Across Indianapolis, hundreds of students are getting help navigating remote learning while school campuses remain closed.
The portfolio strategy post-COVID
Americans have never bought into the idea that all kids are alike. Parents with more than one child regularly say that a school that is just right for one kid is a tough stretch for another. Though many settle for the same school for all their children, most see big differences in what motivates kids and would like the opportunity to find the best possible fit for each one.
Yet American school districts often claim to provide a set of identical schools serving different neighborhoods. They never could, and they don’t now.
As they consider reopening for the coming COVID-19 autumn, school districts face questions that can be answered only by school differentiation and family choice:
- If students can’t all be in school full time, how to make a seamless link between what students learn in school and at home?
- What to do for parents who refuse to send their children to school, and for teachers who need to avoid face-to-face contact to preserve their health?
- How to deal with the wildly different levels of learning loss that different children will have suffered?
- How to deal with emotional needs while not slowing down learning and not wasting the time of those who don’t need it?
- Even in districts like Cleveland, which has broken the link between students’ age and grade levels in favor of mastery-based instruction, the proportion of students needing to work below their age-normal grade will vary from school to school, as will parents’ and teachers’ willingness to accept face-to-face instruction and children’s ability to benefit from distance learning.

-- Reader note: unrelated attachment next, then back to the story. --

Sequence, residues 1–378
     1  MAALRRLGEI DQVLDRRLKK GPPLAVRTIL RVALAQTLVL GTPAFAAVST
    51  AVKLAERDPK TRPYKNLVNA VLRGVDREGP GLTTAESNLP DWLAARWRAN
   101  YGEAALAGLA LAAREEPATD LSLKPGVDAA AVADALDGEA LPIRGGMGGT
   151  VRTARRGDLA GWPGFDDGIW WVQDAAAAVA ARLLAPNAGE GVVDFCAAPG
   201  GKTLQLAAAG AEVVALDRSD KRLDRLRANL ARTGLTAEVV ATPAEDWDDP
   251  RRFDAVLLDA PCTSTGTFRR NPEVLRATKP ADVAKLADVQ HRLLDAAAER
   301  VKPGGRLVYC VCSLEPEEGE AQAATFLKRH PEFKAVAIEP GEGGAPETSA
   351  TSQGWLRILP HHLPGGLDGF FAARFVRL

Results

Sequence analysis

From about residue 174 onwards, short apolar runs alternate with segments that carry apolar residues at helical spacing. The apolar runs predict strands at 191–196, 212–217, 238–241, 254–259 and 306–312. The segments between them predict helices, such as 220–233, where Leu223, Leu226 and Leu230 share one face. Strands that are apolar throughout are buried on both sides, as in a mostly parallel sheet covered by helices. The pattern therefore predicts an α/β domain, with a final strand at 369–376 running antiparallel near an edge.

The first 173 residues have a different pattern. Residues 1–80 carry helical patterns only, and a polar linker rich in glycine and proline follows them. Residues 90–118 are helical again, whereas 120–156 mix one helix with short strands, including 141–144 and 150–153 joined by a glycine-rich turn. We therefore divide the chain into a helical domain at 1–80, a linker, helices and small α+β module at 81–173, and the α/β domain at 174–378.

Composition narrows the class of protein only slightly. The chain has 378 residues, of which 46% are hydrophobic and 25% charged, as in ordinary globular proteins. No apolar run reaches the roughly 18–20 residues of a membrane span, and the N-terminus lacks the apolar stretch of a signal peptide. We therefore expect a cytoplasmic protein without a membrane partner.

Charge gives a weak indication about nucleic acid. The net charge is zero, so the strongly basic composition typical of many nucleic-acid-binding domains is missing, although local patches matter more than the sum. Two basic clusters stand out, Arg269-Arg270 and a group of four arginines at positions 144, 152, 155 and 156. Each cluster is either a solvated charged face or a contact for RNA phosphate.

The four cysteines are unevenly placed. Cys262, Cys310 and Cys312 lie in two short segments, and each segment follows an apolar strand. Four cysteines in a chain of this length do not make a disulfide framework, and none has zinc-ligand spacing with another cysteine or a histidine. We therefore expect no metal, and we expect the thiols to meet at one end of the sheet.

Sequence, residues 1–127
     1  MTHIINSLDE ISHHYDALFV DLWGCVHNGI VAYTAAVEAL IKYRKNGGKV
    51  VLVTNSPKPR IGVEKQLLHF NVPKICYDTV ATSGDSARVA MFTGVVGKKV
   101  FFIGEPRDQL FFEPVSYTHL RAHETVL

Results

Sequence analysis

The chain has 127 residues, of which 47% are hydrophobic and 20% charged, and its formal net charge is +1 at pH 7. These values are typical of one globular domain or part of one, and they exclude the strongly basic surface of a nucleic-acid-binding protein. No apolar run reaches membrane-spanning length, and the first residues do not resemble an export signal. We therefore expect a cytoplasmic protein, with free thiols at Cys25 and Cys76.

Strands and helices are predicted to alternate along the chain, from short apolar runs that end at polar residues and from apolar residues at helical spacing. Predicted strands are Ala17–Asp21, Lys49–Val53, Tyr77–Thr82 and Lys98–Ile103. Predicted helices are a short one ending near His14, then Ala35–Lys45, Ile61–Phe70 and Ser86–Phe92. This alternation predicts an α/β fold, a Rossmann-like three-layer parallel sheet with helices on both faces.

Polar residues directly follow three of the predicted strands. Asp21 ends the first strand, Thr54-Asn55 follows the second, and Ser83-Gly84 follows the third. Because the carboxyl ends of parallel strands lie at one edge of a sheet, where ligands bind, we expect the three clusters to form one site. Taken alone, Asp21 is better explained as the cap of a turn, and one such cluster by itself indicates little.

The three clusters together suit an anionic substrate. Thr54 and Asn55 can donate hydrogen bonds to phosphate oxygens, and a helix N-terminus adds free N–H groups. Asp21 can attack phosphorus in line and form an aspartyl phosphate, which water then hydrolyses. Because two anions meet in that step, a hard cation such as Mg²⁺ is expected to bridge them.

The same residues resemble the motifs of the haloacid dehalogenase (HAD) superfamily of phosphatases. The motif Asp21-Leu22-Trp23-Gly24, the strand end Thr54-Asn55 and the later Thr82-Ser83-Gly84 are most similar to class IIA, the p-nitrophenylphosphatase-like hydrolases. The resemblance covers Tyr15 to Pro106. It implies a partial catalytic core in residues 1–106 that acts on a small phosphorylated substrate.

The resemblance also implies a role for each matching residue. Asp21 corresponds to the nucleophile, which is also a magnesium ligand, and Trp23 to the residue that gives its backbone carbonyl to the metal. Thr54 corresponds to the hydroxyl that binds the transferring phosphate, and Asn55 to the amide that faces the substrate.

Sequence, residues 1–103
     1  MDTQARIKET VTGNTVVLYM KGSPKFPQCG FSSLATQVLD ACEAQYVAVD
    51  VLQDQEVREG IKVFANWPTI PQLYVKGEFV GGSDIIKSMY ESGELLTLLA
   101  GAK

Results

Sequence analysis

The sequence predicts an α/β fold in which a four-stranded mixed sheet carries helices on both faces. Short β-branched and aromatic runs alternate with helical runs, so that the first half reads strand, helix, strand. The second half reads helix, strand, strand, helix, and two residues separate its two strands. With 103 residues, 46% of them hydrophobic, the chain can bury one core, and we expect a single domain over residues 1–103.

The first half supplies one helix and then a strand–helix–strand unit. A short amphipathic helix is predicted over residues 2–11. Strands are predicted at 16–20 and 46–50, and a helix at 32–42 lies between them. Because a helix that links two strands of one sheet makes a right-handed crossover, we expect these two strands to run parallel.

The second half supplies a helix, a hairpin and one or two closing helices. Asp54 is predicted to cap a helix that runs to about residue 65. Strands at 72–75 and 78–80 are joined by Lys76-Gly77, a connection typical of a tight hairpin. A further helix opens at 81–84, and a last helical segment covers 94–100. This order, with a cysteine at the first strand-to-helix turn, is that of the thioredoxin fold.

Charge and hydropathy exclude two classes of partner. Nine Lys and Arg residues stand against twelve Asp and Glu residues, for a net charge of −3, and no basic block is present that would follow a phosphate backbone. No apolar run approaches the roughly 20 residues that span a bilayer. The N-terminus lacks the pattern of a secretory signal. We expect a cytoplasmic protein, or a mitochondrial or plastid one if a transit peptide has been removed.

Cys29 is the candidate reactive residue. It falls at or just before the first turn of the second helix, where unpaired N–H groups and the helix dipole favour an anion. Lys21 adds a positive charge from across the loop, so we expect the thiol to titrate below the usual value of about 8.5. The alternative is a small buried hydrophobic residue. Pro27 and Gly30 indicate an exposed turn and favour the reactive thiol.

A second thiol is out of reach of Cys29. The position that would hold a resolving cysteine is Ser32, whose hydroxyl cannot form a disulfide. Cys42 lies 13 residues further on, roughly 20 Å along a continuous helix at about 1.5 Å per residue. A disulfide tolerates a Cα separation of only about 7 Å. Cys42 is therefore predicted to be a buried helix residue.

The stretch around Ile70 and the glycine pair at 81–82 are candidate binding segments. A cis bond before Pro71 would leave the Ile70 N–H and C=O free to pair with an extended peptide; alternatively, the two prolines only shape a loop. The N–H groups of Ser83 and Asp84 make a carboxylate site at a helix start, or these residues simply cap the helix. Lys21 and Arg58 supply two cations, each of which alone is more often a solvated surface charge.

The core idea behind the portfolio strategy is totally relevant now: meaningful choices for parents provided by diverse schools, all overseen by a district that supports school distinctiveness and good matches for kids. The strategy supports school diversity by calling for schools to get real-dollar funding based on enrollment, and to be able to use funds flexibly.
In the COVID period, family choice and schools’ ability to solve problems will be necessary but more complicated than ever before. Families that enroll confidently in a school in fall 2020 might find that they need something else or that the school, in trying to serve the majority of its students, evolves away from them.
Portfolio, as a flexible problem-solving strategy, is necessary today, even more than when the first localities (New York, New Orleans, Denver) first adopted it.
Students in the highest-poverty school systems can’t afford to wait for instruction to go back to “normal.”
Twenty-three states plus the District of Columbia provide no clear public health criteria to guide reopening decisions.